As I was unable to attach an explanation or a story to my tears, I did what is so typical of me and I grew incredibly frustrated with myself.  I had no reason to be crying as much as I was.  PMS has never been that intense for me.  I am okay with Ian leaving.  The world was not ending.

So why could I not stop crying?

I went and got some junk food to eat that night, as I half heartedly resigned myself to the emotional messy state I was in, and ended up crawling into bed super early only to get out of bed, some two hours later and bawl my eyes out.  Again.  I was exhausted-physically and emotionally.  My eyes were burning after a full day of crying.  My mind was not happy knowing that it had been unable to attach a story to the tears.

Sunday morning, to my dismay I woke up feeling just as lousy as I had when I went to bed Saturday night.  I managed to make myself a cup of tea, and then unsure as to what I wanted to do, I opted for a return to bed.  Something I never do.

I tossed and turned for a while, fighting off the lump in my throat which was signifying a return of the tears.

And then I clued in.  Sort of.  I remembered that Nathalie had said a few days after our session, I would experience a noticeable shift.  It occurred to me that perhaps the torrent of tears I had been experiencing for the last 24 hours were a part of that shift.  I emailed Nathalie, in a bit of a panic asking if my highly intense and sensitive emotional state was perhaps a part of the process.

As I said earlier, I’m really bad at letting go.  I cling to things so tightly.  I don’t want to forget.  I don’t want people to leave.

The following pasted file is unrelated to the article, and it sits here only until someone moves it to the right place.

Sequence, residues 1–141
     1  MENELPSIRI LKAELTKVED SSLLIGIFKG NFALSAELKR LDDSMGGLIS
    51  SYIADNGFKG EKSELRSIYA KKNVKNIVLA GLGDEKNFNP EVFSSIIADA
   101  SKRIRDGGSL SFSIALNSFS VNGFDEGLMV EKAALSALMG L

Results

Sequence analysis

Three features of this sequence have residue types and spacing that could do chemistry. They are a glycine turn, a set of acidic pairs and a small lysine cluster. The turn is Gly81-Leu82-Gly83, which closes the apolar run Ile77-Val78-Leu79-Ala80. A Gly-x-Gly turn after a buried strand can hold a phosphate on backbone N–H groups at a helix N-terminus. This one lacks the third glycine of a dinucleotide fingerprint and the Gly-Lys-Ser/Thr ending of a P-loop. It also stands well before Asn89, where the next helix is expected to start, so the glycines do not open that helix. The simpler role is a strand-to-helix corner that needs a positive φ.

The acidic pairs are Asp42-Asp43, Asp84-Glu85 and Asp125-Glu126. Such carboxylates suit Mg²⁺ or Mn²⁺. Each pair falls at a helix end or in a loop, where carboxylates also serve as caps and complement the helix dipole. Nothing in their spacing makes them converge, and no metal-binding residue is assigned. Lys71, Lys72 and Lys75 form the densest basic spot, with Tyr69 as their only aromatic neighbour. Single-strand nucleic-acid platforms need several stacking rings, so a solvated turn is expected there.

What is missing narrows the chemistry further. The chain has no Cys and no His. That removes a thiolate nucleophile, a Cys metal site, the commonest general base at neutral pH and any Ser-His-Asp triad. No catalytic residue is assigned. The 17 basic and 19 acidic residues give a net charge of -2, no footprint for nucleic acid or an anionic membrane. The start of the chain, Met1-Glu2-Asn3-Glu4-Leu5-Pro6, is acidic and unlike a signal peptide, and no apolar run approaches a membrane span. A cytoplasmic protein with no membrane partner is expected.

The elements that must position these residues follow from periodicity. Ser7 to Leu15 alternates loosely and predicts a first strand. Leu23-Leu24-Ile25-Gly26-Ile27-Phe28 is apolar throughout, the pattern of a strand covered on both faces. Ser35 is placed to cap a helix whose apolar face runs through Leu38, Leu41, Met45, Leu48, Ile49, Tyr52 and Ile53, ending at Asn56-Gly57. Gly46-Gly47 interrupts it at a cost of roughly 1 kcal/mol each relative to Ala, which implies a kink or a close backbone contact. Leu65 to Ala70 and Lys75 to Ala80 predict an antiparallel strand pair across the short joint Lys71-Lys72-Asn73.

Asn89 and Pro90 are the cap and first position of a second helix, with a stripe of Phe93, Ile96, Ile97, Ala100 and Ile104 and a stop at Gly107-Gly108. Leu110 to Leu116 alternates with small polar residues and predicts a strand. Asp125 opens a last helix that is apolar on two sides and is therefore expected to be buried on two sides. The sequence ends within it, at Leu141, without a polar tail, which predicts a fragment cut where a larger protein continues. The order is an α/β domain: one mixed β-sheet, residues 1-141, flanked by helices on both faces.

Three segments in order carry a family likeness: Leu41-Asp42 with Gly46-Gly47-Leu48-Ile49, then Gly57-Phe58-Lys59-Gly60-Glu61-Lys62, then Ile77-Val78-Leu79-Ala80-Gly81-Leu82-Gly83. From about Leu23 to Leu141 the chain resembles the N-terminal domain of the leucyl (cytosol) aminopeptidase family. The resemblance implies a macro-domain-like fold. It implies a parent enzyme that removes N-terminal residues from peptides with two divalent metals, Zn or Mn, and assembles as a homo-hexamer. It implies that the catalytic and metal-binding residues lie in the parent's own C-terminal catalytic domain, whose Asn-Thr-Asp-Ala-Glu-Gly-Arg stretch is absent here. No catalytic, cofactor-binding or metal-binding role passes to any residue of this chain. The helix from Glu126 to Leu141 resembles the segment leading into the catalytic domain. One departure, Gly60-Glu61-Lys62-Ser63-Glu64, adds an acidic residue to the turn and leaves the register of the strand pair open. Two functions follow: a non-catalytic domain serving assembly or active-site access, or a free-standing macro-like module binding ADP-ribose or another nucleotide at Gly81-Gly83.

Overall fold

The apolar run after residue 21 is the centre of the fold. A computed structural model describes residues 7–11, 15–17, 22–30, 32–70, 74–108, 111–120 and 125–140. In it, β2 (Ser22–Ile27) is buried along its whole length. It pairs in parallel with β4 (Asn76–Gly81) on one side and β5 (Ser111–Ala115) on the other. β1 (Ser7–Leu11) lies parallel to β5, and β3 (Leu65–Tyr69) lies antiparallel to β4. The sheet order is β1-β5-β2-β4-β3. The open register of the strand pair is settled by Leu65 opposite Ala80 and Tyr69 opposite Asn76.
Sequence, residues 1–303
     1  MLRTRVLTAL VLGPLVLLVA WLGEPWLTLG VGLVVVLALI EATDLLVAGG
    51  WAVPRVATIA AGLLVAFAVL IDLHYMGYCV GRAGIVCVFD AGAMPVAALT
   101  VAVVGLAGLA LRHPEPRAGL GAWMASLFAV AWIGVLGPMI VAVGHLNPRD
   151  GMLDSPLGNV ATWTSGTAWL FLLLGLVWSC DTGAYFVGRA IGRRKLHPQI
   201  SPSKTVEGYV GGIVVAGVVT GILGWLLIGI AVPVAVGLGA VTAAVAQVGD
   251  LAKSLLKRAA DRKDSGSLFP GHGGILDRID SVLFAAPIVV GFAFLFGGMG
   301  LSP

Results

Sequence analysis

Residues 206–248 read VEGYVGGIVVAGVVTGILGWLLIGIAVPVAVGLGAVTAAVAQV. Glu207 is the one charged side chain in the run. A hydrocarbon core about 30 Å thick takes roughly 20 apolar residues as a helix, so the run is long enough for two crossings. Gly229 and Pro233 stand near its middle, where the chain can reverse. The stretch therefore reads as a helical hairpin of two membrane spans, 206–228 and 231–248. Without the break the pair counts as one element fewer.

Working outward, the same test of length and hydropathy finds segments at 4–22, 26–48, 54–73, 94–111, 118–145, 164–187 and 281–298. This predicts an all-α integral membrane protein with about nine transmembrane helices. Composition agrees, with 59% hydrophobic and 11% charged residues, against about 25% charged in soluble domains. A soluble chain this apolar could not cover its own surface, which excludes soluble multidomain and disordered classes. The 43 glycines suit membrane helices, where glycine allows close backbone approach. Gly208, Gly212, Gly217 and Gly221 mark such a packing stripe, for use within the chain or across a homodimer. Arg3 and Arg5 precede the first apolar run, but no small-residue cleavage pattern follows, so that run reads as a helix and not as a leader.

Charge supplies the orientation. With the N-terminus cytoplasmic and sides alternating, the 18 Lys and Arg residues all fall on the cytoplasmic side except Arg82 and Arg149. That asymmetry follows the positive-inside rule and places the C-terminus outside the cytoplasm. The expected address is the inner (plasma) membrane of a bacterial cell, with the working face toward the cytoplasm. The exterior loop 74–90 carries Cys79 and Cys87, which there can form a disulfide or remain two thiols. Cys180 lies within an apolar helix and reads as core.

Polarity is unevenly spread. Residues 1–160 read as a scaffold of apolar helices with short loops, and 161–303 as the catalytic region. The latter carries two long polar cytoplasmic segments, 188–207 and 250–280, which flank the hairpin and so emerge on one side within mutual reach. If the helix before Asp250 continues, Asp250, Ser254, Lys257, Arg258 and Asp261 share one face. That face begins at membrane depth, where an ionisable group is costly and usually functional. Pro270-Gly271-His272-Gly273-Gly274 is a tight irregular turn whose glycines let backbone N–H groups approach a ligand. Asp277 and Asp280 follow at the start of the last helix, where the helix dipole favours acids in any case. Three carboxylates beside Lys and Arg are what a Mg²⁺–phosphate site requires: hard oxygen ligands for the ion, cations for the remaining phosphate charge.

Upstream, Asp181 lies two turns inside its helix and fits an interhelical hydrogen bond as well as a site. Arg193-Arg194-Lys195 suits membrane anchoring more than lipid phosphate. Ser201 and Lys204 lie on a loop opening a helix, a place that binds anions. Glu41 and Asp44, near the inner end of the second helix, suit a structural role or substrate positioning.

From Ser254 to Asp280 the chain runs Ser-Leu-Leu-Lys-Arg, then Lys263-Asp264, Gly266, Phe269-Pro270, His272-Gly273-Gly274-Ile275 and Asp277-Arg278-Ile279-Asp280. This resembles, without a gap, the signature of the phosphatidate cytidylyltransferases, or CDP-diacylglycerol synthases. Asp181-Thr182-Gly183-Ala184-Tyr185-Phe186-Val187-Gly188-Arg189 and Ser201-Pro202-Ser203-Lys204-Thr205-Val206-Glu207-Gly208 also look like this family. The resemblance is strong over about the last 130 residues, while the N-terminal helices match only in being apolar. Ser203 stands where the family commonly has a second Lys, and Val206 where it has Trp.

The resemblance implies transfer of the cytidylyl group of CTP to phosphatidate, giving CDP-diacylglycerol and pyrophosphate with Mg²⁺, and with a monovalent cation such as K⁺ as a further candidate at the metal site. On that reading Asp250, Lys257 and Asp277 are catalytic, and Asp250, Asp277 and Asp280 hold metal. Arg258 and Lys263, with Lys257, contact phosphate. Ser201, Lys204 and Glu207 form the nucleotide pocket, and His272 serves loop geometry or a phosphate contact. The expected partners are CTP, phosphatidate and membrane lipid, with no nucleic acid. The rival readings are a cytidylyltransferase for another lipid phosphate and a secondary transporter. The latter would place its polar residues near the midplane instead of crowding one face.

I’m also equally weak when it comes to letting go of emotions and thoughts.  I’m becoming more and more aware and appreciative that I have stored and pushed down and suppressed a lot of things for a good 20 years.  There is a lot stored down there, in my heart.   Even when I think of my rape, that alone would warrant a week’s worth of tears and anger and fear, at least.  And I did none of that, after it happened some 6 years ago.  I quietly resumed my routines and structures, and tucked it away deep down never to mention it again until earlier this summer.

I am also, not the greatest when it comes to sitting in my emotions.  If they make me even remotely uncomfortable I am likely to push them down and distract myself until they subside.

One of the primary centres where Nathalie noticed a significant block was in my heart chakra.  My heart has been the holding place for a lot of unreleased emotions.  As Ian helped me to further understand yesterday, it is not only fear, anger and sadness that I have kept bottled there, but joy and happiness and celebration-three really positive emotions, but admittedly emotions which I rarely let myself fully feel.

The mess and deluge of tears over the course of two days was likely a mix of a wide range of 20 year old things, finally coming out.  I know that the likelihood of my releasing 20 years of emotions in entirety over two days alone is not very probable, but I feel more encouraged now that when I do experience a welling-up of something that it is probably in my best interest to release it.  As Nathalie reinforced, I need to release it without judgement and resistance.  And I need to release it with love.  For myself.

Nathalie suggested that what my heart is ultimately trying to get me to hear at the moment is that I need to put myself first-love myself first before anyone else.  I’ve never done that before.  I’ve always put someone else above and before myself.  I’ve put the happiness, time and worth of others before my own.  I’m so afraid of wasting the time of those around me, or making others wait, but as Nathalie pointed out to me on Monday I have little difficulty in doing that to myself.

Up to this moment, I have been living my life for others.  Not with a generous altruistic nature; more so because I have not subscribed to the idea that I AM worth living my life.  That I can grow and fill what I am learning is a significant void within my centre that I desperately look to others to fill.